In this position the blood 8 flows from the machine through the access tube 3. The arterial pressure, that is the pumping effect of the dynamic muscle contractions in conjunction with the unidirectional valves in the vein, guarantees a slight positive pressure of about 20 mm Hg in the vein. The blood flows "slowly" back towards the heart. It is this bloodflow that must be interrupted so that the blood enters the access openings 4, whence the blood is drawn to the processing machine. The venous bloodflow is reestablished on the other side of the catheter of the invention. To increase intravenous pressure around the opening 4 of the access tube 3 a stasis is applied. With the aid thereof it is ensured that in addition to increased pressure non-processed and processed blood are not mixed. The vessel walls cling to the return tube 1 at the stasis site. Pressure is applied both to the subcutaneous tissue area and to the deep tissue area, however the vein 8 suffers no damage because the aferesis using this method requires a relatively short time.
It should be unnecessary to mention that the catheter of the invention is made of a medically speaking compatible material.
The internal diameter of the return tube 1 should be about 1.2 to 1.4 mm. The flow resistance must be adapted to the pumping effect of the machine, and since resistance is inversely proportional to the square of the radius, this is a critical point as the diameter is of course also limited by normal vein sizes. The resistance is also proportional to the length of the tube, but a free length of the return tube 1 in the vein 8 downstream of the distal end of the access tube 3 of about 6 to 10 cm, preferably 8 cm, has proved to be favourable according to the invention. A further limitation on the external diameter of the return tube 1 is of course the vein size, seen in connection with the distal end and bulb 10 of the access tube 3.
The return tube 1 must be made of a material that has sufficient mechanical strength to resist the pressure that is applied when a stasis is applied and, as mentioned above, this can be achieved by, for example, embedding a coil of a suitable material in the return tube 1.
The insertion needle 5 for first inserting the return tube 1 and then the access tube 3 in a vein 8 is illustrated in FIGS. 7a) to d).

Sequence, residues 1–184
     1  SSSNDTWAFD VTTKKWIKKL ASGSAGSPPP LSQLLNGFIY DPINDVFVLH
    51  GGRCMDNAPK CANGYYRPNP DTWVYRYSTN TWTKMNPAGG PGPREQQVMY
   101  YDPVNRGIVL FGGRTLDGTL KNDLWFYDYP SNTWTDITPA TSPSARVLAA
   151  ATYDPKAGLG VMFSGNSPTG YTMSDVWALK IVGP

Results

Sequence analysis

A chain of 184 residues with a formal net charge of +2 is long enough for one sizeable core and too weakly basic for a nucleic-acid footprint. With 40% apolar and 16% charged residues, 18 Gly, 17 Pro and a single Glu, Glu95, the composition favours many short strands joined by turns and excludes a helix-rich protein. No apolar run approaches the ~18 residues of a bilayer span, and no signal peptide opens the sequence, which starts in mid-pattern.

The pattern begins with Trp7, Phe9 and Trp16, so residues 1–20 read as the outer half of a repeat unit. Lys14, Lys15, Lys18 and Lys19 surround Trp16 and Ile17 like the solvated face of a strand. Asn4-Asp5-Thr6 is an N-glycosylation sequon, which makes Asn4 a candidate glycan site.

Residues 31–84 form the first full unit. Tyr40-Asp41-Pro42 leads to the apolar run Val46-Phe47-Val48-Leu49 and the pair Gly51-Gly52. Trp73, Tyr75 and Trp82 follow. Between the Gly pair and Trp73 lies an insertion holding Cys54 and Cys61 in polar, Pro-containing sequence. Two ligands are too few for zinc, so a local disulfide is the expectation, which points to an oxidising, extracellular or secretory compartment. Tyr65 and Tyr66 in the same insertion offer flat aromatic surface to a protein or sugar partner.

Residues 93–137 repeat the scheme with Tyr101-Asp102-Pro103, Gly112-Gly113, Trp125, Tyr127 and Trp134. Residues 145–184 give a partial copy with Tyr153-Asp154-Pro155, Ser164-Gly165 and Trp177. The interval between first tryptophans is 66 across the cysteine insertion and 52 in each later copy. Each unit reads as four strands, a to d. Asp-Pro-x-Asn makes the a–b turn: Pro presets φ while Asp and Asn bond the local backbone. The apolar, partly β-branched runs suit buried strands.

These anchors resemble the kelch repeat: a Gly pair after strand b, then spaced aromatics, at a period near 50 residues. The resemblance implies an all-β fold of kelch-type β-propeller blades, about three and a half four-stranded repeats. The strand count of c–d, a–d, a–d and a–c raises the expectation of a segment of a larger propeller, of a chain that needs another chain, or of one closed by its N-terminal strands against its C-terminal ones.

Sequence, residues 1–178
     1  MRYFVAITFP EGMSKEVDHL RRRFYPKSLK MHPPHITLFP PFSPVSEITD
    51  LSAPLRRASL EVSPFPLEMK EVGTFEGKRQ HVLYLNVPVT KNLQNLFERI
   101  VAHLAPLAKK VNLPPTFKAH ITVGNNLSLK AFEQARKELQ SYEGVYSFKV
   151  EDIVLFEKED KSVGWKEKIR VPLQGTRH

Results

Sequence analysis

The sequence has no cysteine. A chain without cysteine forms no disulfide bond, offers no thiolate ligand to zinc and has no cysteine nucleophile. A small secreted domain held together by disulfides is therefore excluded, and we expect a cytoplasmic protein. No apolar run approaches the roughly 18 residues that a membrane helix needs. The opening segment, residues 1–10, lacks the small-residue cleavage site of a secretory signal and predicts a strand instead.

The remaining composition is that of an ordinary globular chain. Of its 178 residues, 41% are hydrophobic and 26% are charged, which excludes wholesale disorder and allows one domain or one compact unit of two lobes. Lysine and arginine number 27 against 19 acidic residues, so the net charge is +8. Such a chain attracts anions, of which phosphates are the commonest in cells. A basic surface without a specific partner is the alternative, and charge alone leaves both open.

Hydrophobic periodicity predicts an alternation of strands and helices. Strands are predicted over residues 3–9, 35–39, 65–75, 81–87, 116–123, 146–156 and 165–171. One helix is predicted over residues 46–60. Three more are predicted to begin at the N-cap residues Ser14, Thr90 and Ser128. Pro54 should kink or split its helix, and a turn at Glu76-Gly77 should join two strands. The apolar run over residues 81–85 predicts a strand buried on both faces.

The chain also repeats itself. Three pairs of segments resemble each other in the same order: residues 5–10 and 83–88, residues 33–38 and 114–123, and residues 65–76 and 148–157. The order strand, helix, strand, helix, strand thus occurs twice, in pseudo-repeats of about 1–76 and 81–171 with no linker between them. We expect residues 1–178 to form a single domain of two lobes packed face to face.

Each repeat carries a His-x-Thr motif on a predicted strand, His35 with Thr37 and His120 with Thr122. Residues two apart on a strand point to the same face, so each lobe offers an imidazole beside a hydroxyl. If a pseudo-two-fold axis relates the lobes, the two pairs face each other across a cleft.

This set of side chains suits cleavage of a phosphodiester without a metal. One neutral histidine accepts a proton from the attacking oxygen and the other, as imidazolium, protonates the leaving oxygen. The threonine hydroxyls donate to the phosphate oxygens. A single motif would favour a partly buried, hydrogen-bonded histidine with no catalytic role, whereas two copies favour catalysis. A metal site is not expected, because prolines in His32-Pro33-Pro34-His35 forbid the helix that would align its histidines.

FIG. 7a) shows a split needle 5 in the form of a pointed sleeve encircling the distal end of the return tube 1. At the rear edge the needle is equipped with two wings 13 of a conventional type to facilitate the grip around and insertion of the needle 5 into a vein 8.
When the needle, as shown in FIG. 3 c) is fully inserted into the vein 8, the return tube 1 is pushed forward, as shown in FIGS. 6d) and 7b). The distal end of the insertion needle permits free passage of the return tube 1, as indicated by an arrow in FIG. 7b).
After sufficient insertion of the return tube 1 into the vein 8, the split needle 5 is drawn back, as indicated in FIGS. 6f), 6g) and 7c), and finally the split needle 5 is split completely as indicated in FIG. 7d), whereupon the two parts are disposed of.
The split needle 5 is of a conventional type per se where the two halves are secured to one another in a suitable manner along the diametrically disposed, longitudinal seams.
Well-trained health personnel have no difficulties in manipulating this type of needle.
Finally, FIG. 8 shows a possible packaging unit where everything which is upstream of the insertion needle 5 is enveloped by a stocking or bag 12.
The catheter of the invention and also the bag 12 are of a material which permits sterilisation, and when in addition the insertion needle 5 is enveloped by a nonillustrated protective sleeve, which allows sterilisation of the catheter and needle, this means that the unit of the invention and associated equipment can be delivered in a sterile condition for rapid, speedy connection to machines. Since the device in addition is so simple that it can be used by reasonably well-trained health personnel, this means that this mode of treatment can be moved from hospitals and out among the general public, i.e., to, for example, local health centres, which in turn will mean a considerable improvement of efficiency with a view to being able to use to a maximum the resources which are represented by voluntary blood donors.
The present invention will be described in more detail with reference to the accompanying drawings, wherein:
FIG. 1 in outline form shows a possible venous course in the area around a human elbow with an applied stasis indicated;
FIGS. 2a) and b) show two alternative embodiments of the area of the intravenous catheter according to the invention where the outer access tube is concentrically attached to and encircles the return tube;
FIGS. 3, 4 and 5 show further embodiments of the intravenous catheter according to the invention;